Cohen applied the “Page 99 Test” to his new book, Conquered into Liberty: Two Centuries of Battles along the Great Warpath that Made the American Way of War, and reported the following:
Page 99 of Conquered into Liberty falls at the beginning of Chapter Four, “Fort Carillon, 1758,” which deals with the disastrous assault by an Anglo-American army nearly 15,000 strong commanded by General James Abercromby against a French garrison barely a fifth that size at what is now Fort Ticonderoga.Learn more about the book and author at Eliot A. Cohen's website.
The book itself explores the roots of the American way of war in nearly two centuries of conflict with Canada; it does so by looking at eight battles and half a dozen ‘phantom campaigns’, from the burning of Schenectady in 1690 through a Confederate raid on St. Albans, Vermont in 1864. In each case I describe the fight, set it in a larger strategic context, and conclude by tracing the longer term consequences of the battle, down to the present day.
Page 99 sets the strategic picture (“The mood in Paris was far less resolute: Louis XV and his court faced two questions: what expense was Canada worth, and what, practically, could be done?”). The chapter begins, however, with a depiction of the actual assault, as seen by soldiers of the 42nd of Foot, the famed Scottish Black Watch.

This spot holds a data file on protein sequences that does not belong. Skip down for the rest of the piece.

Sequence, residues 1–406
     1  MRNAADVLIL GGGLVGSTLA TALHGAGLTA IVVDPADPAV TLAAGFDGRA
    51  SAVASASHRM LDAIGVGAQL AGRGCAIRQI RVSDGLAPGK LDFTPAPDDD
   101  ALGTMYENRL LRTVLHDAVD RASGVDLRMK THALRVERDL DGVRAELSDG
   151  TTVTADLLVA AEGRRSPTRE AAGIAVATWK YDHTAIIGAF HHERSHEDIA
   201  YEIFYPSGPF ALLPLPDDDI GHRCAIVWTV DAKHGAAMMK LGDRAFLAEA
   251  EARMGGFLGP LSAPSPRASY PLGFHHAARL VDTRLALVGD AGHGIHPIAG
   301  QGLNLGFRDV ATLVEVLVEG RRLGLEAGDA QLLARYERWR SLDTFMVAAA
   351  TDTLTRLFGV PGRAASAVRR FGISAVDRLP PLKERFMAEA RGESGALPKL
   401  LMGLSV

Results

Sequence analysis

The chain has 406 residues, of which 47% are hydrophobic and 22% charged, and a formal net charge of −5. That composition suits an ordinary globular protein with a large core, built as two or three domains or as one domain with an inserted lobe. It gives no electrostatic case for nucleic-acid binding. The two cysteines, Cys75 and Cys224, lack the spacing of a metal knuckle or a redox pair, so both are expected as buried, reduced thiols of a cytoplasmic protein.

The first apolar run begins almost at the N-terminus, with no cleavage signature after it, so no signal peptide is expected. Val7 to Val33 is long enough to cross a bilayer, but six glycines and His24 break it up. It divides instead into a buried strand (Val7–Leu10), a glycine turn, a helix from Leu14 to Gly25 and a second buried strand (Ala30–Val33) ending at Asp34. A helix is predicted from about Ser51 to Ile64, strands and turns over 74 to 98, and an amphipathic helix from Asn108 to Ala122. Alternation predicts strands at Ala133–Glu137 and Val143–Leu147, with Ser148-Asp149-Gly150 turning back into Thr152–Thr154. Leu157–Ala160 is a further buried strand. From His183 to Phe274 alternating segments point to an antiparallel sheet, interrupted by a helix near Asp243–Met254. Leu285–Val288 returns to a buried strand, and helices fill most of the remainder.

Three times their commander ordered them to withdraw and three times they ignored him, one officer of the Fifty-fifth marveling that the Black Watch “appeared like roaring lions breaking from their chains.” Canadian militia and colonial infantry attacked their flank, but the Scots brushed them off and continued to plunge into the dense growth. They got close to the French soldiers, barely visible in the greenery and smoke, who manned firing positions and picked them off, the Frenchmen passing loaded muskets to the marksmen on the wall. Some of the Highlanders even crossed over the barrier, but the French reserves, held for such a moment, counterattacked, and bayoneted the few who did.The assault was a debacle but it did not save New France from the British armies that conquered her in 1759. The larger import of this campaign, however, was considerable: the American troops who made up the bulk of Abercromby’s forces learned a lot about the mundane business of organizing, training, moving and supplying armies. They also learned a great deal about the fallibility of British leadership, and less than twenty years later, those lessons mattered. “Unwittingly, along the Great Warpath and elsewhere the British army had trained its opponents in the next great American war.”